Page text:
Posts Tagged 'god'

If aliens don’t exist, does God?

In the past couple of days, I’ve come across a couple of articles** about space and space exploration that got me asking the following, kinda random questions …

Why haven’t we found other forms life in space yet? More importantly, why haven’t other forms of life found us? And could the fact that we haven’t had any extraterrestrial encounters be at least somewhat supportive of the theory that humans are indeed a unique species, and that maybe there is a god or divine presence that approximates the concept as detailed by many of Earth’s practiced religions?

Now I kind of understand why we haven’t found life yet (by the way, this entire post presumes that Area 51 conspiracies and the like have no bearing in fact, that we have neither seen nor been seen by extraterrestrials, which admittedly is an awfully big presumption). Our space exploration attempts are still too immature, and we’ve barely begun to penetrate the infinite universe beyond our own galaxy, so our lack of success on the contact front shouldn’t be a surprise.

But given that the universe is infinite, wouldn’t one have to assume that there are also an infinite number of planets that DO harbor life and that at least on a few of those planets (if not an infinite number of them), that those life forms are so advanced that they’ve developed much better means of exploring the universe, including the means to contact us.

I know I’ve always thought that it seems almost incomprehensible to think that we’re alone in this universe, but doesn’t the fact that we haven’t been contacted yet by ETs mean that life may in fact not exist anywhere else? Ok, this is a bit of a stretch of an analogy, and a bit silly to boot, but this line of thought is kind of like how I have to assume that our species never develops the ability to time travel because if we ever did wouldn’t we somehow know about it (or perhaps the second we do develop it and test it out, we rip open the space-time continuum and destroy the universe just like Doc Brown always feared).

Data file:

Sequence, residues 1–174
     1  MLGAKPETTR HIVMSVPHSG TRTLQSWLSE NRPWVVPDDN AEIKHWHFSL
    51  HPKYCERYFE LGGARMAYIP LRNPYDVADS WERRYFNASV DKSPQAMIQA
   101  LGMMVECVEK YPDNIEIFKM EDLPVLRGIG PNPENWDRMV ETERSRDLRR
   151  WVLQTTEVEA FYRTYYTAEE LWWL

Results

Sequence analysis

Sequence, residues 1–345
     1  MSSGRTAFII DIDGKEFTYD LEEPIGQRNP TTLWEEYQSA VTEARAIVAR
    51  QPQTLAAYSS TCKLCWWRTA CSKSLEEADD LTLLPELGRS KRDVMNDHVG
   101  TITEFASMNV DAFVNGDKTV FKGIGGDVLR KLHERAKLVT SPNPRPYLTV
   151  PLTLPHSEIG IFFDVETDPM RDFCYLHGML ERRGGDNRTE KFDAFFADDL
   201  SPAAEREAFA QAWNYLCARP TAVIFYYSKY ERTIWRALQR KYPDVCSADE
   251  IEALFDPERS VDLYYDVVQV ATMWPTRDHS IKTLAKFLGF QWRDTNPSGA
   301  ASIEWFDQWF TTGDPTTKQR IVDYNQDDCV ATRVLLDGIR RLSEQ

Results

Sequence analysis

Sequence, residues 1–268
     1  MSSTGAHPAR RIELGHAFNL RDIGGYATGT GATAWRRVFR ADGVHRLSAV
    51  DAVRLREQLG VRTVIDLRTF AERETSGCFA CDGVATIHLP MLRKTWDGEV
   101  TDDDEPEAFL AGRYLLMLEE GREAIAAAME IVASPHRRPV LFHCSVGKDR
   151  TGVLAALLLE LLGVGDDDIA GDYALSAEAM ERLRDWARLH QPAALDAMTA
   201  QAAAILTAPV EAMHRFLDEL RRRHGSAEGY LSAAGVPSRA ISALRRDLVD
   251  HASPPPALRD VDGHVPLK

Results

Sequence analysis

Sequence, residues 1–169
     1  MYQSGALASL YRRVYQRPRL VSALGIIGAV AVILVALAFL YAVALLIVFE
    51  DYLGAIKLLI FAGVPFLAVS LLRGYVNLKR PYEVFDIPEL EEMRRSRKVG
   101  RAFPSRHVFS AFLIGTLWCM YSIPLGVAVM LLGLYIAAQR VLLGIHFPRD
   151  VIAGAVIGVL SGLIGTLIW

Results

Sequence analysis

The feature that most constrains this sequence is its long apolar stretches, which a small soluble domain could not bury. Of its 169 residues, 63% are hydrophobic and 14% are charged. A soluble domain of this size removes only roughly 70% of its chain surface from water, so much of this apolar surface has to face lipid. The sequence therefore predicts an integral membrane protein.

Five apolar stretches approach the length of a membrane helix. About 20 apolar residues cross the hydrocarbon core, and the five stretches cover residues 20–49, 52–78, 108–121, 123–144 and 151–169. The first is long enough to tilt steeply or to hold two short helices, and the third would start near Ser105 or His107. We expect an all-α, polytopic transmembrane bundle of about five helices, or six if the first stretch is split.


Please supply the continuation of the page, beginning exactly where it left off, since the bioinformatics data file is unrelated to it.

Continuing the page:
And if we are alone, what does that say if anything about the god question? I don’t think the answer to the question of whether life exists outside this planet would by itself prove or disprove god’s existence. However, I have always felt it would be very tough for most organized religions to square their beliefs and their written source materials with the existence of ETs. But isn’t the reverse also true – as long as we are unable to find life outside our little planet, doesn’t that support the mostly religious theory that Earth is a singularly unique place, and humans a special species whose purpose for being here is a divine mystery to be solved?

Or am I missing something very basic here?

** One article was actually a fascinating photo journal of some amazing pictures a NASA spacecraft recently took of Saturn. The other story talked about the fact that researchers have found a couple of planets outside our solar system that appear to be same size of Earth (but likely too hot to harbor life).

USAir Flight 1549: Do you believe?

So I was watching next-day coverage of the Hudson River airplane crash on CNN today and at some point one of the anchors brings up God and says something to the effect, “And if you’re not already religious, something like this may make you believe.”

And it made me wonder,

<—————————

IS THIS PROOF OF GOD??

<—————————

Well, of course not.